Officials with Poet DSM Advanced Biofuels have announced a breakthrough that will allow for increased cellulosic ethanol production.
The latest development from the South Dakota-based company is a process called pre-treatment. Matt Merritt with Poet DSM Advanced Biofuels says pre-treatment transforms plant residue like corn cobs and husks into a substance that can eventually lead to fuel.
"We take that material, it gets chopped up and then it goes into this pre-treatment system. And, through a number of means, it basically gets mashed up into what looks like a stringy mud. Once it gets that muddy consistency, that's when we're able now to get at the sugars that are in there with the yeast and the enzymes. So, now we're able to get at those sugars and ferment it, to produce ethanol, produce alcohol," Merritt says.
Cellulose is a sugar found in the cell wall of plants. Merritt says its abundance creates more options than starch ethanol, which is produced by using corn kernels.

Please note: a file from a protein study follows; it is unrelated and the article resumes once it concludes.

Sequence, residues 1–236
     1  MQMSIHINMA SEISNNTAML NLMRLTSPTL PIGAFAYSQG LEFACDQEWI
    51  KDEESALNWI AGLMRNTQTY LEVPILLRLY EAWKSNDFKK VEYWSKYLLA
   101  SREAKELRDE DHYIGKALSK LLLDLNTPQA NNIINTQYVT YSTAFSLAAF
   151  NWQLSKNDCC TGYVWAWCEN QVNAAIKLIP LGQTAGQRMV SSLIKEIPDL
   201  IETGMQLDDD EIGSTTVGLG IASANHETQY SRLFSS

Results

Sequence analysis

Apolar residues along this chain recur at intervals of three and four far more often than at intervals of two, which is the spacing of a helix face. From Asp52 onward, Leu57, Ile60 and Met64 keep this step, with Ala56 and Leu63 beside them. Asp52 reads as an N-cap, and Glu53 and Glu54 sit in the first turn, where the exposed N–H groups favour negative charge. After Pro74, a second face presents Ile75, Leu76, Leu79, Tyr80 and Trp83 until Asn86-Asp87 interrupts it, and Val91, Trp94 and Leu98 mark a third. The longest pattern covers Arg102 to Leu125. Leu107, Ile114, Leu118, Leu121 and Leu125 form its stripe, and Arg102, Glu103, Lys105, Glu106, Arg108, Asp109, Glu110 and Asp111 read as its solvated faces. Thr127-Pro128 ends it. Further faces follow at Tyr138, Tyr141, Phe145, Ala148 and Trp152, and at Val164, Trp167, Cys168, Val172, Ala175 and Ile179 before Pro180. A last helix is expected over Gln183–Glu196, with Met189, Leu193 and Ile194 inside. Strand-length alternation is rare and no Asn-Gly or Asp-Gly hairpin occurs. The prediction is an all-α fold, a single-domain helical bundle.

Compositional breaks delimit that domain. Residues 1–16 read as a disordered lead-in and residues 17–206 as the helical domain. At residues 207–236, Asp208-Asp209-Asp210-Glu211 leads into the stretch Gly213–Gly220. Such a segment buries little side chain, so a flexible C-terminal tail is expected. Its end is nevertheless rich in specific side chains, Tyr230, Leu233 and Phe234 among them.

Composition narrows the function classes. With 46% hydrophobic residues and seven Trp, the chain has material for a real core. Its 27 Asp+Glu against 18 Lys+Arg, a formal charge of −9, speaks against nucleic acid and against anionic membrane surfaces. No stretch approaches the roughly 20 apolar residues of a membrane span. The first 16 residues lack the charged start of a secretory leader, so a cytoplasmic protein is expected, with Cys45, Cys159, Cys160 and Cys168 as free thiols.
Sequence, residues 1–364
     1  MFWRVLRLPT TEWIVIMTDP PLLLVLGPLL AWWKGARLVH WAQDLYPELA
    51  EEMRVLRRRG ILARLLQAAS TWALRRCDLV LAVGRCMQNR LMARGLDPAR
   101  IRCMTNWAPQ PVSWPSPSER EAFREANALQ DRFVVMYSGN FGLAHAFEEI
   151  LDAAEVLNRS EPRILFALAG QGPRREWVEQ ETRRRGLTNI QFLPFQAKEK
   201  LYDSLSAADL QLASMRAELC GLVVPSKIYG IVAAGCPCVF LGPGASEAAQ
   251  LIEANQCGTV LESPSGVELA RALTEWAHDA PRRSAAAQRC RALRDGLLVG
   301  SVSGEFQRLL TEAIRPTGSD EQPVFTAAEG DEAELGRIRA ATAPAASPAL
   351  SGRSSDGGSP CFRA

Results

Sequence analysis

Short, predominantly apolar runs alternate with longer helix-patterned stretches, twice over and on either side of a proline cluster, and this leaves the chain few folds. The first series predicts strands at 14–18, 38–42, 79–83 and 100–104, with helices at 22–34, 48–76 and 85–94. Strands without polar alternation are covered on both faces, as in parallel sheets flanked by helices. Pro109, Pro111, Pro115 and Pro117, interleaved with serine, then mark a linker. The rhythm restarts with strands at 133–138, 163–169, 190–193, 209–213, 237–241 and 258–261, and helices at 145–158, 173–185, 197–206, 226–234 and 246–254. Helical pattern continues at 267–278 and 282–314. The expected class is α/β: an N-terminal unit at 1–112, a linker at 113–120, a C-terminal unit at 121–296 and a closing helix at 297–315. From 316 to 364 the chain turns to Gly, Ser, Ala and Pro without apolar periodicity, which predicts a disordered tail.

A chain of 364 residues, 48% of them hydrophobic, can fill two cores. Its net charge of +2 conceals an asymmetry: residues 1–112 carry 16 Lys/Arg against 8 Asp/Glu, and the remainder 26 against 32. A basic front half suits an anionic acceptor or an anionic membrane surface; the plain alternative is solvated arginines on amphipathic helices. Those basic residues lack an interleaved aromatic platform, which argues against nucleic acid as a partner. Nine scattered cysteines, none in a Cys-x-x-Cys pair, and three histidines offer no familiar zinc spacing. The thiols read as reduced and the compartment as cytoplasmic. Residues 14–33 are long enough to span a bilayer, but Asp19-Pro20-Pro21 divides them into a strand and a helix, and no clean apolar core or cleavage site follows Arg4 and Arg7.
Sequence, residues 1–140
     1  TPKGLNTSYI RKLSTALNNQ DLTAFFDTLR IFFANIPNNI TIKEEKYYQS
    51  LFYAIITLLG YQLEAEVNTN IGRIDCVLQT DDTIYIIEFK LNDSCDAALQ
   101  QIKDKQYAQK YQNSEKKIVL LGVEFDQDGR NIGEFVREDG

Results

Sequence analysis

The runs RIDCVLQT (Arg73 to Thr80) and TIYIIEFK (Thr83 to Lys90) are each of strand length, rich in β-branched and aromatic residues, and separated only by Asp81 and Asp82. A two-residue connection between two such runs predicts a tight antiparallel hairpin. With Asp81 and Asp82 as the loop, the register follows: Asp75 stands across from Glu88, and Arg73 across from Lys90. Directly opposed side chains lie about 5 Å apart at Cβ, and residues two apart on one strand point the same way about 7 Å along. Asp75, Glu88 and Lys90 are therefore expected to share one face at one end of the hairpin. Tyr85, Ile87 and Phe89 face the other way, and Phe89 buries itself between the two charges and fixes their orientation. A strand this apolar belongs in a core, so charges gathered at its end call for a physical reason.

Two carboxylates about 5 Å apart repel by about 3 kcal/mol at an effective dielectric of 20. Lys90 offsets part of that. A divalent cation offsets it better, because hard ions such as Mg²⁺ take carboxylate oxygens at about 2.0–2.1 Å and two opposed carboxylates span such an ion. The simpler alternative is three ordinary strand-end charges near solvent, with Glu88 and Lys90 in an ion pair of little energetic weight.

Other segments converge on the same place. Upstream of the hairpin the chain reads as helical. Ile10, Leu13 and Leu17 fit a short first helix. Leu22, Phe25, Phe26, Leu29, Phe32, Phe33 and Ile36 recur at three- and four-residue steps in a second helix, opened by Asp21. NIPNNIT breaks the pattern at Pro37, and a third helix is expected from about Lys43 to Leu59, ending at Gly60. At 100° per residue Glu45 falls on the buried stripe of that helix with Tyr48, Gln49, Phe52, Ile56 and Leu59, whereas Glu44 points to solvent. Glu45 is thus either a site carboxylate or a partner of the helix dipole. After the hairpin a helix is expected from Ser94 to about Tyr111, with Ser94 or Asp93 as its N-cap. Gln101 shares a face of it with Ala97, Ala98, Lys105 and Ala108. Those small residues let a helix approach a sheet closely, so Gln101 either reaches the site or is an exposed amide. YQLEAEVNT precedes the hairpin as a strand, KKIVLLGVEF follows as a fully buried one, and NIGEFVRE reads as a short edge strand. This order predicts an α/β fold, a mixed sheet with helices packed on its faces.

“When you’re talking about cellulosic ethanol, you’re talking about any material that has cellulose, which is really, any organic, plant material in the country. Can you make cellulosic biofuel from wood? Yes. Can you make it from tobacco? Yes. Can you make it from grass? Yes," Merritt says.
Merritt says the process takes place at POET DSM's Project Liberty plant in Emmetsburg, Iowa. Merritt says the company calls the effort “Project Liberty” because the further development of cellulosic biofuel will allow other states currently not in the energy production business to participate. He says this will help the U.S. become more energy independent.